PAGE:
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Shifting Health Plan Policies Impact Access to Specialty Drugs


The number of health plans that put in place restrictive policies that go beyond FDA-approved label is increasing, a new Tufts study finds.

Commercial health plans in the United States seem to be implementing more limitations and restrictions when it comes to coverage for specialty drugs, according to a recent analysis of health plan policies from 2017 to 2021 by researchers at Tufts Medical Center.

While no standard definition exists for specialty drugs, drugs in this category are typically very expensive and have complex handling and administration requirements. Specialty drugs include biologic and protein-based medications prescribed for treating complicated conditions such as autoimmune disorders, cancers, and rare diseases.

Previous research has found that for specialty drugs in particular, commercial health plans set more restrictive criteria for coverage than the FDA labeling about 33% of the time. The restrictions and medication-indication pairings, which exist primarily to control costs, often create complex challenges for patients, especially those in need of treatment with specialty drugs. For this reason, coverage often varies between different health plans and even within an individual health plan over time.

To better understand these changes and restrictions, a group of researchers at Tufts Medical Center conducted a study looking at trends in specialty drug coverage. The team collected data on specialty drug-indication pairings from 17 major health plans (representing about 70% of individuals with prescription drug coverage in the United States) from 2017 to 2021. Then the team looked at any addition or removal of coverage and changes in potential drug restrictions. The four types of restrictions included patient subgroup requirements, step-therapy protocols, specialist prescriber requirements, and other mandates, such as combination therapy protocols.

James D. Chambers, Ph.D.

James D. Chambers, Ph.D.

The investigation used the Tufts Medical Center Specialty Drug Evidence and Coverage (SPEC) Database, which is a database maintained by a team of researchers led by James D. Chambers, Ph.D., associate professor of Medicine at the Tufts Medical Center Institute for Clinical Research and Health Policy Studies.

The researchers collected data on 357 drug-indication pairings in all. Between 2017 and 2021, the percentage of pairings that had restrictions increased from 39.5% to 51.7%. Over the same period, the proportion of pairings with two or more restrictions rose from 10.2% to 18.4%. Of the 17 U.S. commercial health plans investigated, 13 increased their limitations on specialty drugs, while only four plans reduced their coverage restrictions.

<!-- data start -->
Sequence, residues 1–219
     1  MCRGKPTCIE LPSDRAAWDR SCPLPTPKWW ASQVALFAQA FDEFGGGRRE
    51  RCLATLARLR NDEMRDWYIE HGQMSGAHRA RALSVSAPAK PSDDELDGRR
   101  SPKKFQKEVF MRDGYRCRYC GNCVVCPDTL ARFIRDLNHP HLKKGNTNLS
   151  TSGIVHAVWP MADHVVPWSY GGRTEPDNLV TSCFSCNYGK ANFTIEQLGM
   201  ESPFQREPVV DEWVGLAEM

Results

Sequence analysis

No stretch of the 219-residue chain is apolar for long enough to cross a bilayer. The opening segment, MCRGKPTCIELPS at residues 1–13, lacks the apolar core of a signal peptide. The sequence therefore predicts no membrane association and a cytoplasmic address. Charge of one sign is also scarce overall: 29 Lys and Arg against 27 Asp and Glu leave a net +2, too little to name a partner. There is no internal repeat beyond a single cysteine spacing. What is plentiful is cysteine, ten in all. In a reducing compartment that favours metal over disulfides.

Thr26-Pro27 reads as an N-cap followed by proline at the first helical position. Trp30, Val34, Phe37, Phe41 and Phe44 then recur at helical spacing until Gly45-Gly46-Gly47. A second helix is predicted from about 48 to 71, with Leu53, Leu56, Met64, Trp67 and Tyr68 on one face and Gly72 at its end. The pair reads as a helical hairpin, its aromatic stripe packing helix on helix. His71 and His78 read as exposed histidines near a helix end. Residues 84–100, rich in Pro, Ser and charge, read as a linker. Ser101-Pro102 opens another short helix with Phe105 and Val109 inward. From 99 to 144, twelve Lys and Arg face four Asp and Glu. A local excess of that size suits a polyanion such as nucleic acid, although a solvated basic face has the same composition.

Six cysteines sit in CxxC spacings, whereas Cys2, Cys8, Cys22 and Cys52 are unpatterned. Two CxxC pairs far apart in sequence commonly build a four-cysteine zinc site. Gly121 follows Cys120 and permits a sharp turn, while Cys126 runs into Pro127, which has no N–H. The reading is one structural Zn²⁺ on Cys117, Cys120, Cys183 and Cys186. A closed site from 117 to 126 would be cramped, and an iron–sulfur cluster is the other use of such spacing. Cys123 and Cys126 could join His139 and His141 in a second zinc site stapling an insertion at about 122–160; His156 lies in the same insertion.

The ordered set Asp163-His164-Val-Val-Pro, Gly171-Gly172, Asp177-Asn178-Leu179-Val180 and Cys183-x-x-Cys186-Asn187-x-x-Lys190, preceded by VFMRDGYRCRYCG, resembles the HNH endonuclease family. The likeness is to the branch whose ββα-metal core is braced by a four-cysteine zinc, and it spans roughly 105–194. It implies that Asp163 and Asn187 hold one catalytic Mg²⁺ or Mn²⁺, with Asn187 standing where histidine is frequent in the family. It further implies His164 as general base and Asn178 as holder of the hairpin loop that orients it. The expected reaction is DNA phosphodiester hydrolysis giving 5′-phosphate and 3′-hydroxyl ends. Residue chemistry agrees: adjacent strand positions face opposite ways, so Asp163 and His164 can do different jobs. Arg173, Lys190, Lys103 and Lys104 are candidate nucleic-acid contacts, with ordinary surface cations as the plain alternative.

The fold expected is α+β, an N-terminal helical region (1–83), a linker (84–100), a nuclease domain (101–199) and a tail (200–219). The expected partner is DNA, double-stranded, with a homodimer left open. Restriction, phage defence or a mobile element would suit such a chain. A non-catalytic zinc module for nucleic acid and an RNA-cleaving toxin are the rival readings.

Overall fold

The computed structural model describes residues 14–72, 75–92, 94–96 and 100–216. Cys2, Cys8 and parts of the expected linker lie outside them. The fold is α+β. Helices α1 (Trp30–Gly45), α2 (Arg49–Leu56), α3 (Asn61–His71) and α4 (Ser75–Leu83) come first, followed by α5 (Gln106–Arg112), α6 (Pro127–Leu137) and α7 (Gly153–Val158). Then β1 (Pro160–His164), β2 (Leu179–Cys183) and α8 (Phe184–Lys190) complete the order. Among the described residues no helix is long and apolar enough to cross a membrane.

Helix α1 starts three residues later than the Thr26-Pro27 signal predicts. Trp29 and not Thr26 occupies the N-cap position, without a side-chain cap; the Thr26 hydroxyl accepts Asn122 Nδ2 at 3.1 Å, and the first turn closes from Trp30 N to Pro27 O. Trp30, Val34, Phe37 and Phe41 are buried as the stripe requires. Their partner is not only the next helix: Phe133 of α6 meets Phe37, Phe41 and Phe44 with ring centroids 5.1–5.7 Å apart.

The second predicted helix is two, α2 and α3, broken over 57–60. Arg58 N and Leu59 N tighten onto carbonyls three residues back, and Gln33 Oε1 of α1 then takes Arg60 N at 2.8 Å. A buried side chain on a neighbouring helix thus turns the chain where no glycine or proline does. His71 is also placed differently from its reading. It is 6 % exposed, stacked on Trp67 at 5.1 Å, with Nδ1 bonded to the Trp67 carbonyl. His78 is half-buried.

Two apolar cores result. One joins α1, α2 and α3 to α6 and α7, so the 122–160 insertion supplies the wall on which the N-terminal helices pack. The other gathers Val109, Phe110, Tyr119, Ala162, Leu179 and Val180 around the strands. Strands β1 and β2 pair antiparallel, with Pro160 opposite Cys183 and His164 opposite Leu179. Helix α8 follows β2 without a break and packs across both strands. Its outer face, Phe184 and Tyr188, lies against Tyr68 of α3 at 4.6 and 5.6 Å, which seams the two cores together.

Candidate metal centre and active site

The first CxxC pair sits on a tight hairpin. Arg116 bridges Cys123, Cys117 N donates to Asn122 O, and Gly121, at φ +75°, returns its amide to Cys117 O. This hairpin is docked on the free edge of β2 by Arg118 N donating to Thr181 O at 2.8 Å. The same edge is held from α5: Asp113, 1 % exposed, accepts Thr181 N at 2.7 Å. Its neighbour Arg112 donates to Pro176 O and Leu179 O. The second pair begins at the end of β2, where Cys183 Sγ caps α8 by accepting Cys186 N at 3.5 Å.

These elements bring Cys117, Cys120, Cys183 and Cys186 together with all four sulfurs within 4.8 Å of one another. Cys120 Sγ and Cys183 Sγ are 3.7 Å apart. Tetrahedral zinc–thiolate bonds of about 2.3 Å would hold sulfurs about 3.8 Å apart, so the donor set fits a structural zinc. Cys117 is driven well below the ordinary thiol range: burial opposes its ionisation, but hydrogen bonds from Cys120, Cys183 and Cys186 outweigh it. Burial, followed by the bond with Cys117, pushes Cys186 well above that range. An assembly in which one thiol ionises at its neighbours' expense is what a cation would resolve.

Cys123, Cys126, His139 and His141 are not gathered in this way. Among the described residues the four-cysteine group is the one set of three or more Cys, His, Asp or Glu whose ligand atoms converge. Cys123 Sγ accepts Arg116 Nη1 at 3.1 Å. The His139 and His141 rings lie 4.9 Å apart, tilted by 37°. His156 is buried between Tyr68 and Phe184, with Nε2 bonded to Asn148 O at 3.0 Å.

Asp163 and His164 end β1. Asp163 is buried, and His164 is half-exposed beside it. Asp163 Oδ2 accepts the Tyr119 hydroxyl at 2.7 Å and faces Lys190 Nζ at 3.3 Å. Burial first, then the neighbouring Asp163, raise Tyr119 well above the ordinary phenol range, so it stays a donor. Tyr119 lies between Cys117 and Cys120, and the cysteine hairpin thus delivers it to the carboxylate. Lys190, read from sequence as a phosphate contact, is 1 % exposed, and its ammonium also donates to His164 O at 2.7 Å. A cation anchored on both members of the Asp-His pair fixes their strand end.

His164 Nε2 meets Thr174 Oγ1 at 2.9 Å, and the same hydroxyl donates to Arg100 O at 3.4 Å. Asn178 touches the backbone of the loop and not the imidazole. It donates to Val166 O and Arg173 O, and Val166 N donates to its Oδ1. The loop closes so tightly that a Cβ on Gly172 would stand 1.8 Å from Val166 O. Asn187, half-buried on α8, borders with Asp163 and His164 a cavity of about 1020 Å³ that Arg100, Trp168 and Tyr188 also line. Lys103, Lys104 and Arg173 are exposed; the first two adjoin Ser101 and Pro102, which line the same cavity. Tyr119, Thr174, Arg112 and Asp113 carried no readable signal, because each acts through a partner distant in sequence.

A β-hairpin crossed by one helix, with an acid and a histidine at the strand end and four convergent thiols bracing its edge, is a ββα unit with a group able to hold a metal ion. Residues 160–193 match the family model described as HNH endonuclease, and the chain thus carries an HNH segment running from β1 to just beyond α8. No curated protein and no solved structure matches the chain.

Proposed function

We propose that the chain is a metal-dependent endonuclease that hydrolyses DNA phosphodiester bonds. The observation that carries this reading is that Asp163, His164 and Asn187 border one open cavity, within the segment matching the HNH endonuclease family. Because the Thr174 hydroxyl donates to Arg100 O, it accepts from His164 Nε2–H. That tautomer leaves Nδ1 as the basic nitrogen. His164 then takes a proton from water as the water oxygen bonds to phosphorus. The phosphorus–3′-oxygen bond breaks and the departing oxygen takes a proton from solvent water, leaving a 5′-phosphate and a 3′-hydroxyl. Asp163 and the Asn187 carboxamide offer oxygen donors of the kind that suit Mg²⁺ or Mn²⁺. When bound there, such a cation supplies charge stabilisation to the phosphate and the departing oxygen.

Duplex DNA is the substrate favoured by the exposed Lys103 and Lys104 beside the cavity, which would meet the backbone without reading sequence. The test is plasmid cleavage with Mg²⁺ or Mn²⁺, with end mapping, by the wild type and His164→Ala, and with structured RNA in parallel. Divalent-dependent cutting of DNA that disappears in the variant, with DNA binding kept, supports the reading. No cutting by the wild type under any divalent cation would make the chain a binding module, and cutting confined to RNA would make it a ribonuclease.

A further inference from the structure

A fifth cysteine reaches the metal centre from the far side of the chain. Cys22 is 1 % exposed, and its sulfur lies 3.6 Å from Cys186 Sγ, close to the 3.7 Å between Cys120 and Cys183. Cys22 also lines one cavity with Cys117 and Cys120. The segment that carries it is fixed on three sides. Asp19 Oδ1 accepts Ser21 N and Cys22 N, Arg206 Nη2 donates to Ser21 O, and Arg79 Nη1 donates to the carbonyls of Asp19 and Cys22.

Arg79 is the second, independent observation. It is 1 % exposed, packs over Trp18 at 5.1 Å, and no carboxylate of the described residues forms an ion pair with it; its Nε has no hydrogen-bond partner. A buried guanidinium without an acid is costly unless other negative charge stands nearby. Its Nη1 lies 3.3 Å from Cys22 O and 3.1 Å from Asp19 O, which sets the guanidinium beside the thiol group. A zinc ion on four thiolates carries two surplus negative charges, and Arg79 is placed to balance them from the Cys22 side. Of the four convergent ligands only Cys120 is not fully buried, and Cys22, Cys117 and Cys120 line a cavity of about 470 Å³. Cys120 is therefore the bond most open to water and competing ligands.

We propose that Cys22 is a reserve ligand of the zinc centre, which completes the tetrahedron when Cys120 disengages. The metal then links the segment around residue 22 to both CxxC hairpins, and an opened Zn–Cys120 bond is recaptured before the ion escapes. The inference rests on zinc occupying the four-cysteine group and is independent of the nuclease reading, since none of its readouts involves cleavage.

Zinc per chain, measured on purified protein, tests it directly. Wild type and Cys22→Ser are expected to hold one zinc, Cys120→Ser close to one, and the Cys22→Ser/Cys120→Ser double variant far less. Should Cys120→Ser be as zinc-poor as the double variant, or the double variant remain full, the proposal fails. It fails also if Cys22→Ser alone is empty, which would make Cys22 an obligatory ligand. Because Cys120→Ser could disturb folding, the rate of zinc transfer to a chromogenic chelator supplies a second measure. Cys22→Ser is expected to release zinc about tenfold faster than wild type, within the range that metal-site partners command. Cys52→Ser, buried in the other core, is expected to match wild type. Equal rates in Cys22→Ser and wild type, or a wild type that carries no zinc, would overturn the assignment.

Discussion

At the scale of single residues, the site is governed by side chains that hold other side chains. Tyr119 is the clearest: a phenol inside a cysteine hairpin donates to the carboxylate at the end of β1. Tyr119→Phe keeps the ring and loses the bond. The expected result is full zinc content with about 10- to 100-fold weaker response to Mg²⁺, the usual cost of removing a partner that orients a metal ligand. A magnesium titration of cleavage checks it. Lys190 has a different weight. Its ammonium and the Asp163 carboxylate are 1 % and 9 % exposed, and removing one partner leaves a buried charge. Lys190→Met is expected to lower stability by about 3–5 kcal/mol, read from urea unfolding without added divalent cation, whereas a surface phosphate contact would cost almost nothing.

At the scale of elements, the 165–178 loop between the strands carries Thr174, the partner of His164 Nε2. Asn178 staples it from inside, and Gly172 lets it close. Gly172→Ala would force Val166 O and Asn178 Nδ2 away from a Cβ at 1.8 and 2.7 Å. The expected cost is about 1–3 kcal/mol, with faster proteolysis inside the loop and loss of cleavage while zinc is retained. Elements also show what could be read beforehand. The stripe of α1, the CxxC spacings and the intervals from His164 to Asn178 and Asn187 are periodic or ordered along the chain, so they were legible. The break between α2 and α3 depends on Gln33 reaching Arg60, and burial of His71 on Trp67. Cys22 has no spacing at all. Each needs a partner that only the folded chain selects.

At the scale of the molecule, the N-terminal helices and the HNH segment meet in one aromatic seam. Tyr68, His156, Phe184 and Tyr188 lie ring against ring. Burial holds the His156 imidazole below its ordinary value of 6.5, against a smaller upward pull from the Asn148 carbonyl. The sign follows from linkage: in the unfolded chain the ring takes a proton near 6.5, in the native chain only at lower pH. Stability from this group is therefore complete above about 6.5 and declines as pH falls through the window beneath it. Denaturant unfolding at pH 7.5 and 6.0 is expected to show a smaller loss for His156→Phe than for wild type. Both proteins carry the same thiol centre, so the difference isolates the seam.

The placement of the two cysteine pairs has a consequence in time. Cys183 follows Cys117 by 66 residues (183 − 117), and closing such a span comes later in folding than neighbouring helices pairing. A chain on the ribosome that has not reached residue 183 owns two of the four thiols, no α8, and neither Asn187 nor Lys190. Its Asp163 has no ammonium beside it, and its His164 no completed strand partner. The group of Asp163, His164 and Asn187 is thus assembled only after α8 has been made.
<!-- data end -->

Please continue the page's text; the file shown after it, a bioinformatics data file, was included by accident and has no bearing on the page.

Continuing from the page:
Most of the restriction increases came in the form of step therapy-protocols and prescriber requirements. While restrictions increased, outright exclusion of drug-indication pairings from coverage remained stagnant at 3% throughout the four-year study window.

“The most important implication is for patients. It suggests that health plans are ‘tightening’ their drug coverage policies, which means that patients face additional utilization management criteria before they can access certain treatments,” Chambers told Formulary Watch.

Chambers explained the likely reason for these findings is that “health plans face increasing budgetary pressures, driven in part by high drug prices. The approval of more costly cell and gene therapies, among other expensive new orphan drugs, may have led plans to better control utilization of costly products.”

“Plans can use utilization management as part of their negotiations with product manufacturers, for example, by providing more favorable coverage for a lower price,” he said.

While these restrictions may help ensure more appropriate care for some, they can delay or impede access to care for others while placing a significant burden on the healthcare system. Further research is required to understand how these restrictions impact patient cost-sharing and access.

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